Handing the ball to Yuki Nishi to start the season was probably a no-brainer for the Hanshin Tigers.

Nishi was a celebrated free-agent acquisition in the winter of 2018, when he switched his Kansai allegiances from the Orix Buffaloes to the Tigers. He was Hanshin’s best pitcher in his first year with the club, winning 10 games with a 2.92 ERA (fifth-best in the Central League) and 1.13 WHIP in 172⅓ innings. After 10 seasons with the mostly moribund Buffaloes, with whom he reached the playoffs only once, Nishi helped Hanshin get to the final stage of the Climax Series last year.

Considering his success in 2019, Nishi likely entered spring camp eager to build upon it in 2020. The anticipation would’ve only grown as the calendar flipped to March and brought opening day, March 20, into sight. By then, the 29-year-old would be raring to get going.

Except he won’t be making a start next Friday, or the one after that or possibly even the next one. Nishi is still getting the ball on opening day, it’s just no one knows when that’s going to be.

Nishi and the rest of NPB’s pitchers had their preparations shaken up on Monday by the league’s move to postpone the start of the season until sometime in April. The decision is part of NPB’s response to the ongoing COVID-19 outbreak.

So with no definite start date, teams are essentially stuck in spring training. For position players, it’s just more reps before games start to count. The preparation for pitchers, though, is more fine-tuned and detail-oriented.

“The thing we have to think about most is the pitching,” said Yokohama DeNA BayStars manager Alex Ramirez on Tuesday in Yokohama. “The pitchers, the starting pitchers and how we can set up a starting rotation. We don’t know what’s going to happen now and when we’re going to start, so the rotation may change a little bit.

“I don’t worry about the position players too much. The starting rotation, that’s the only one where we have to think a little bit more. “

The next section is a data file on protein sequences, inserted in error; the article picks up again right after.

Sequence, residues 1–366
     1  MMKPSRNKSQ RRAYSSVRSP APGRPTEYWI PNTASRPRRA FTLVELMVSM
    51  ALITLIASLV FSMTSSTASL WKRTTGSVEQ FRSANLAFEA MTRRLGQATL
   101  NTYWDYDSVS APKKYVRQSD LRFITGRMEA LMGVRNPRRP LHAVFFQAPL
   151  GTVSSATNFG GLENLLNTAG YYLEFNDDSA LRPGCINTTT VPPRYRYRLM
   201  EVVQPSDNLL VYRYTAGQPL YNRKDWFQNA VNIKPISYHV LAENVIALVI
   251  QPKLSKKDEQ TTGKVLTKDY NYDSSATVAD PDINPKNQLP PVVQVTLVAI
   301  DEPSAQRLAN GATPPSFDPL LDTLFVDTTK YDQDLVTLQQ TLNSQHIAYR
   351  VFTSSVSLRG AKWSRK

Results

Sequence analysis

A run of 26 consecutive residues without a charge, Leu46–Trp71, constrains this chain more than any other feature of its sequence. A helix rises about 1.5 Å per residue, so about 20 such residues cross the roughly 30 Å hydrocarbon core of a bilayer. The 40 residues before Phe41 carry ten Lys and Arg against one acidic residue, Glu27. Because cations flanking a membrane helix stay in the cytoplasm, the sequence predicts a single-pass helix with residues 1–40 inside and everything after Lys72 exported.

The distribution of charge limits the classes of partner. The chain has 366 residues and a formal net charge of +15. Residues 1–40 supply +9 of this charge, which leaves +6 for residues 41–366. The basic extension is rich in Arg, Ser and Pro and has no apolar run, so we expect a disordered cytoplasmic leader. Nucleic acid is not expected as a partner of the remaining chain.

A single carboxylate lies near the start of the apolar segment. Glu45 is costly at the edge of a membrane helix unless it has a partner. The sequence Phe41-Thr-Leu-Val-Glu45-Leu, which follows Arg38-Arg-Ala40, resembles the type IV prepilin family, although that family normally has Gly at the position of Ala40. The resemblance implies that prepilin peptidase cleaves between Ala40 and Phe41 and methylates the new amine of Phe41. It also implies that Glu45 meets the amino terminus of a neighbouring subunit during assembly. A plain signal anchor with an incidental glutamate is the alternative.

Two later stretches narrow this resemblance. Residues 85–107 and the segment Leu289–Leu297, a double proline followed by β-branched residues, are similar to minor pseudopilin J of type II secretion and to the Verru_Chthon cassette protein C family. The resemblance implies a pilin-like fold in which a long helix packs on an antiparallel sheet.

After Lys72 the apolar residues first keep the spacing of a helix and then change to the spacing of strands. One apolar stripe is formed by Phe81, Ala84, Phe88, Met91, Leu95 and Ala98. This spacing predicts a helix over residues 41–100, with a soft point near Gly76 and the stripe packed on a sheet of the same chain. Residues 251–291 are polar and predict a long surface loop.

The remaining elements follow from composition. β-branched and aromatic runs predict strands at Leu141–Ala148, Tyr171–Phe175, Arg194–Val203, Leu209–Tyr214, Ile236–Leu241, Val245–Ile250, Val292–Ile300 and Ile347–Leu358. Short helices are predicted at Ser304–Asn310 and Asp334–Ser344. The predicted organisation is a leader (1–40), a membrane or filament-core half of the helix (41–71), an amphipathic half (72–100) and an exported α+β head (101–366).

Hanshin skipper Akihiro Yano said delaying the season was something that couldn’t be helped and teams will have to adjust.

“In the preseason, pitchers throw fewer innings and they don’t get enough playing time,” he said. “Since we’ll have a longer preseason, we have more time to evaluate our pitchers.

“On the other hand, we’ve already decided to start Nishi on opening day. It could also be difficult for those slated to pitch in the opener to get in shape.”

Many teams name their opening day starters well in advance. The Seibu Lions for instance, announced Zach Neal as their man on Feb. 18. The Hokkaido Nippon Ham Fighters tapped Kohei Arihara on Feb. 21.

“We were preparing to start on March 20,” Tohoku Rakuten Golden Eagles ace Takahiro Norimoto was quoted as saying by Sankei Sports during a media scrum Tuesday. “But it can’t be helped in this sort of situation.”

Those players, and the candidates for the other spots in teams’ rotations, tailored their training for a March 20 start. Now they’ll have to scale back somewhat and avoid putting too much stress on their arms over the extended spring.

“When NPB makes the decision about when the opening day will be, we will have about maybe one or two weeks in advance, I’m pretty sure,” Ramirez said. “So at that time we can set up the rotation.”

Right now, it’s still anyone’s guess as to exactly when the season will start and all 12 teams, and their pitching staffs, are in a holding pattern and trying to balance staying fresh with avoiding injuries.

“It won’t have an effect,” Orix Buffaloes pitcher Taisuke Yamaoka told the assembled media on Tuesday at Kyocera Dome. “I wouldn’t be a pro if I couldn’t get ready, no matter when the season opens.”

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